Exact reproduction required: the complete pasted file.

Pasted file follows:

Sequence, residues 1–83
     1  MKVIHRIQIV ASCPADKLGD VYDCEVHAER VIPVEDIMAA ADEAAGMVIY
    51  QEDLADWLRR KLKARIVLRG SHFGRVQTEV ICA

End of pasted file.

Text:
Sequence, residues 1–83
     1  MKVIHRIQIV ASCPADKLGD VYDCEVHAER VIPVEDIMAA ADEAAGMVIY
    51  QEDLADWLRR KLKARIVLRG SHFGRVQTEV ICA